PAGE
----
Florida Governor Deems WWE An ‘Essential Business’ During Pandemic

With thousands of non-essential businesses across America closing their doors, the workforce has been stripped down to its bare bones — doctors, nurses, food service workers, and professional wrestlers, obviously.

Mayor Jerry Demings of Orange County, Florida, revealed in a press conference on Monday that the WWE was labeled an “essential business” to the economy of Florida and would be allowed to continue taping at the WWE Performance Center in Orlando after a private discussion with the governor’s office. The news comes weeks after virtually all local businesses were closed, with the notable exception of the Performance Center, which was confirmed to still be taping episodes of RAW during the pandemic.

“Initially, there was a review that was done and they were not initially deemed an essential business,” Demings said. “[But] with some conversation with the Governor’s office regarding the Governor’s order, they were deemed an essential business. And so, therefore, they were allowed to remain open.”

The news is made even more controversial by the fact that a WWE employee who was present on their closed set recently tested positive for the coronavirus. WWE justified the decision to continue shooting by claiming the individual in question contracted the disease from a medical worker and posed no threat to ongoing shooting after being cleared of the virus.

“We are producing content on a closed set with only essential personnel in attendance following appropriate guidelines while taking additional precautions to ensure the health and wellness of our performers and staff. As a brand that has been woven into the fabric of society, WWE and its Superstars bring families together and deliver a sense of hope, determination and perseverance,” the WWE said in an official statement.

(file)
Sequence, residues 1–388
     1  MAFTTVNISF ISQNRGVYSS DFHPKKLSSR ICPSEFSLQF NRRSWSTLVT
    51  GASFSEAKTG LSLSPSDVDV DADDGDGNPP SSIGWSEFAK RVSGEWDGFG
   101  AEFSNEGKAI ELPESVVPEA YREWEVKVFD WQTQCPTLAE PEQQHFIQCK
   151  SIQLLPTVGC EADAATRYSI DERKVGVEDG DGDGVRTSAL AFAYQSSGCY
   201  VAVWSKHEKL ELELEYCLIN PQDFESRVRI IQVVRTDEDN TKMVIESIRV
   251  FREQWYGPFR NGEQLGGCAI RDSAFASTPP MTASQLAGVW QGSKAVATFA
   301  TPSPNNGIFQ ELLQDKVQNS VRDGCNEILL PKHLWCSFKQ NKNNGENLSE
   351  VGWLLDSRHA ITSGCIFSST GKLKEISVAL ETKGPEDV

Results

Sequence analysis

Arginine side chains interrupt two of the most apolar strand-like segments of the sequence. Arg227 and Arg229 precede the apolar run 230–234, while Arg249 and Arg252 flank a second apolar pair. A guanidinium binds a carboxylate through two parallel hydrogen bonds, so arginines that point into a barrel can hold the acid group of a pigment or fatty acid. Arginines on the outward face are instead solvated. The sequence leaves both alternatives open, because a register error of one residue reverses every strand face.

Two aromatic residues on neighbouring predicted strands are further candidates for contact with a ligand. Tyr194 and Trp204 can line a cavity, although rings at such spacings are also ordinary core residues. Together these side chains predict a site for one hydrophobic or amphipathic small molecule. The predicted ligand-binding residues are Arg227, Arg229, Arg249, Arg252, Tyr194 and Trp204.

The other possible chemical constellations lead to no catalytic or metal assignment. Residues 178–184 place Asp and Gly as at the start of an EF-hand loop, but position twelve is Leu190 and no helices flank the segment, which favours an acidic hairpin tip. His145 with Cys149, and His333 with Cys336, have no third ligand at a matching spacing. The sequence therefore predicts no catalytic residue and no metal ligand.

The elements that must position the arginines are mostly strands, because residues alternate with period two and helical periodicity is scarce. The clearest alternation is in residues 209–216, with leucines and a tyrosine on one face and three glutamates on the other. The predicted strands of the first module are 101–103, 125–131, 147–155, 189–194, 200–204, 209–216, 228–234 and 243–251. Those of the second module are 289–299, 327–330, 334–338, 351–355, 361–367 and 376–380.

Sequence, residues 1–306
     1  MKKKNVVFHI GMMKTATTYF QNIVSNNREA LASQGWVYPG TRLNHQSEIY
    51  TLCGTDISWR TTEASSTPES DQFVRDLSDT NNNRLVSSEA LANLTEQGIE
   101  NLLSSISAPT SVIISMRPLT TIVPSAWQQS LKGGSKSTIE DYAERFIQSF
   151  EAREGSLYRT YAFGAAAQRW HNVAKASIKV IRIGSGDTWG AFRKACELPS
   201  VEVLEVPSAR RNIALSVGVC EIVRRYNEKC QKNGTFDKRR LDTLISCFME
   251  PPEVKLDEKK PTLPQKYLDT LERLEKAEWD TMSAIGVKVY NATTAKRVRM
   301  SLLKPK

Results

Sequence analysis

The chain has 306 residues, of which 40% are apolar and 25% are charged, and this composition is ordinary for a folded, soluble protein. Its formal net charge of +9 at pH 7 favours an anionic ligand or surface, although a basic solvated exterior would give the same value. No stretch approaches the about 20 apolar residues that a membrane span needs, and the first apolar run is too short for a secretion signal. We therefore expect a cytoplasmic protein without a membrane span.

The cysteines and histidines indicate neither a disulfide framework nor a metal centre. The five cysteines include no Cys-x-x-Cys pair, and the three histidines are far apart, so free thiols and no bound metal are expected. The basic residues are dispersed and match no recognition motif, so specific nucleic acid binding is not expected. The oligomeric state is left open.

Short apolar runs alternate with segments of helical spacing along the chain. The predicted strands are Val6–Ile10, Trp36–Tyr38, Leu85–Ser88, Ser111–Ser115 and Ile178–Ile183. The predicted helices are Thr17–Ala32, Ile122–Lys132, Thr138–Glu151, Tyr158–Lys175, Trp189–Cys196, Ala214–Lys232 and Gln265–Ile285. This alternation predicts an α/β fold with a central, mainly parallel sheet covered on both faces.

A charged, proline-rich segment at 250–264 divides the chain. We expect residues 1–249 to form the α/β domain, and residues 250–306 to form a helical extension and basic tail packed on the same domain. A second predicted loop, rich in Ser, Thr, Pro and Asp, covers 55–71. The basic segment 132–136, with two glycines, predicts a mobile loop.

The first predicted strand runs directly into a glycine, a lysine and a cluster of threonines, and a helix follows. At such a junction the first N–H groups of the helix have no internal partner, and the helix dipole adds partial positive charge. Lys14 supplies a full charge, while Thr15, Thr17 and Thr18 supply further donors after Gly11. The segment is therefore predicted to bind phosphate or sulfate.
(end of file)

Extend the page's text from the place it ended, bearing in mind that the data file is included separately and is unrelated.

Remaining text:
That’s right, since the WWE is “woven into the fabric of society,” they will be allowed to continue shooting for however long social distancing mandates are in effect in Florida. It is our nation’s most essential and protected form of entertainment.

Unfortunately, Vince McMahon isn’t entirely insulated from coronavirus-related losses — in the same week as the WWE announced their intention to continue taping, McMahon’s football league, the XFL, filed for bankruptcy. After being forced to cancel the entire premiere season of the XFL’s relaunch, the company was operating with millions of dollars of losses and chose to file for bankruptcy.

Obviously, football is a very different game from wrestling, one that typically involves thousands of fans clustered together in less-than-hygienic conditions, to put it mildly. But wrestling is also a contact sport, and McMahon’s decision to continue with WWE in a televised format (with no audience) while not even attempting the same for football is interesting. Arguably, a game of football played in an empty arena is safer in terms of person-to-person spread than a closed indoor set where all workers are breathing the same air and touching the same surfaces. The coronavirus has forced all of us to make difficult decisions — clearly, McMahon was willing to make Sophie’s choice and save his favorite child.